On Monday, Iraq’s Independent High Electoral Commission announced the cancellation of the results of 103 vote centres of parliamentary elections, which were held on 12 May, after the verification of dozens of “red complaints.” The “red complaints” are those that Electoral Commission deems “extremely serious violations (such as forgery and manipulation) that affect the outcome of competing lists at the vote centres.” In a statement that Anadolu News Agency obtained a copy of, the Commission said that “the Board of Commissioners (the exclusive authority which deals with complaints in the Electoral Commission) has investigated 1,436 complaints that have been submitted about the voting day, and have then been classified by the specialized committees in the Council.”Full Article: Iraq: Electoral Commission cancels results of 103 vote centres – Middle East Monitor.
As demands for a manual voter recount surge amid claims of election fraud in the Iraqi general elections, the country’s Independent High Electoral Commission (IHEC) is concerned a ballot-by-ballot recount could portray the newly introduced electronic system as a failure, one member says. During a telephone interview with Voice of America, Saeed Kakei, a member of the IHEC, said his request for a manual recount was rejected by other members of the election commission who “feared” that a recount could possibly show the failure of the machines. “I told them we should work with transparency. What is the fear for?” Kakei told VOA. “I proposed that they manually recount 25 percent of the ballot boxes, or at least 5 percent, but they refused to do so.”Full Article: Iraq Election Body Feared Effects of Recount, Member Says.
Gunmen in the northern Iraqi city of Kirkuk were on Wednesday besieging several polling stations containing election staff, four days after a national vote, the head of the electoral commission said. Riyadh al-Badran said the gunmen, whom he did not identify, were putting pressure on the commission to change the election results in the multi-ethnic region. “The employees of the commission are in a hostage situation,” he said, calling on authorities to provide protection. On Wednesday evening, however, the head of Kirkuk’s law enforcement denied reports that election commission employees were being detained, adding that polling stations were secured and under the protection of counter-terrorism forces.Full Article: Iraqi election commission says Kirkuk voting stations under siege, staff inside | Reuters.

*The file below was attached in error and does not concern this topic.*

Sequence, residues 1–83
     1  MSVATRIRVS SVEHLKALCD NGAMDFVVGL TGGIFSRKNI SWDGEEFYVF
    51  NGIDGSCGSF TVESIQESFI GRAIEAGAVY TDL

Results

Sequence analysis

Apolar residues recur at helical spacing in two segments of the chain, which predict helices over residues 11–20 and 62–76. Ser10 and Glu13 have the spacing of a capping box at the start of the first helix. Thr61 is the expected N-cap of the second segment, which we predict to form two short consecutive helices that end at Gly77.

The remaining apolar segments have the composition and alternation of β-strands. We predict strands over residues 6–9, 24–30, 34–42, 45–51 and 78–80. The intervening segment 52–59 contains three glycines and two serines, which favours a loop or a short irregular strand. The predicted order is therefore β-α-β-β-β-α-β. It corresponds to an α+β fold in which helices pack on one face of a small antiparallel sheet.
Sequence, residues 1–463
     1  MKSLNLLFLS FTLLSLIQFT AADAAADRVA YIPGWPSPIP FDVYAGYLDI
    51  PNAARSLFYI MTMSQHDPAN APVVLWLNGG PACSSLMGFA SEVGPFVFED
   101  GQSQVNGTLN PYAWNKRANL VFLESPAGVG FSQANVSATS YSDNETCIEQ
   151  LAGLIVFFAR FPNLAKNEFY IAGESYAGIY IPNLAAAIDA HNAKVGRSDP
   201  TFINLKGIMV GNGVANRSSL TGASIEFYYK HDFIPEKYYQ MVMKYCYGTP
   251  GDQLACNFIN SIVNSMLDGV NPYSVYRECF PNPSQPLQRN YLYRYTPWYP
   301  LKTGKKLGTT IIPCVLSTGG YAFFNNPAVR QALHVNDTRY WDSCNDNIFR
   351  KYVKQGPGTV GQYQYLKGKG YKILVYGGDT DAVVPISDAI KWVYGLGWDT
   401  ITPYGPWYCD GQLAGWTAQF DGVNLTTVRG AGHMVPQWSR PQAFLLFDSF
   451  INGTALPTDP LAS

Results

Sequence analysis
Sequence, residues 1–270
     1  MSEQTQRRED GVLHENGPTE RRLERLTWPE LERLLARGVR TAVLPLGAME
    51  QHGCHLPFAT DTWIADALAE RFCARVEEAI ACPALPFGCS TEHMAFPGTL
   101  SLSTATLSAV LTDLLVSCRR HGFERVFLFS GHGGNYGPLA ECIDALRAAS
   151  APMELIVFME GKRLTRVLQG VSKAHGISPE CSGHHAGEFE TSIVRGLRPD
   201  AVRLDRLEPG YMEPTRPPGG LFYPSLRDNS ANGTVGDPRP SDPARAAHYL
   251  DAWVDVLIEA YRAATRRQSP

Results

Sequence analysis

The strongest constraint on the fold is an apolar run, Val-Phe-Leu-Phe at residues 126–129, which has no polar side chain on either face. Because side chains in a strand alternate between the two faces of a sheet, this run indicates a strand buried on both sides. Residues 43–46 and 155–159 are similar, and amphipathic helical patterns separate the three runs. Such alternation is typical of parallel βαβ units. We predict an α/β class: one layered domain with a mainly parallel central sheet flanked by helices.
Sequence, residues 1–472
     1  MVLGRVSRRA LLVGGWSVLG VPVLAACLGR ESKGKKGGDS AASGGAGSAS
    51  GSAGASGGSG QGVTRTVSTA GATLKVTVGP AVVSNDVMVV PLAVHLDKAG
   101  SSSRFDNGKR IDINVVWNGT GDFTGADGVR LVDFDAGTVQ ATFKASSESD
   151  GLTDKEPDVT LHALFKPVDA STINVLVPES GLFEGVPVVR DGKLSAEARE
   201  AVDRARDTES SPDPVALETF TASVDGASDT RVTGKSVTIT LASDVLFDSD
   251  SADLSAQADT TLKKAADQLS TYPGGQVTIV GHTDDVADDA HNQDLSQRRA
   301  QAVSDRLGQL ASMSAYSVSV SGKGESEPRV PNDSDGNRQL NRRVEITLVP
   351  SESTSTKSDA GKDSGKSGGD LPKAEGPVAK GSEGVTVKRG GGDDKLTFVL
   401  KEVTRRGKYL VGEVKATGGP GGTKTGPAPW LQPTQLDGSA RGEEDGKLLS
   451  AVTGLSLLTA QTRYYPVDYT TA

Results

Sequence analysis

Hundreds of demonstrators gathered outside an election office in this northern Iraqi city Wednesday to protest alleged fraud in last week’s parliamentary elections. The head of Iraq’s national election commission said at a news conference that armed men had taken over the election office and that the workers inside were “in effect, hostages,” but local officials and witnesses disputed that account, saying there was no sign of weapons at what appeared to be a peaceful demonstration. They said hundreds of ethnic Turkmen and Arab demonstrators massed outside the offices to protest alleged fraud after early returns showed a Kurdish party winning most of the vote. Oil-rich Kirkuk is at the heart of a long-running dispute between the Kurds, who claim it as part of their autonomous region, and the central government in Baghdad. The city’s Arab and Turkmen communities side with the central government.Full Article: Iraqis protest in Kirkuk over alleged voting fraud - The Washington Post.
Iraq has instructed security forces in the multi-ethnic city of Kirkuk to maintain order amid protests against alleged electoral fraud during the first vote since the defeat of Islamic State militants. Prime Minister Haider al-Abadi made the order on Sunday, after the city’s Kurdish and Turkmen communities rejected the initial results of the parliamentary election. “Abadi has commanded security forces in Kirkuk and throughout the province to provide security and to deal impartially with the election,” Abadi’s office said in an online statement. “The election commission must take measures to inspect the ballot boxes and announce the results to the public to guarantee a fair election,” it added.Full Article: Iraq Prime Minister Asks for Calm in Kirkuk Amid Election Fraud Protests | Al Bawaba.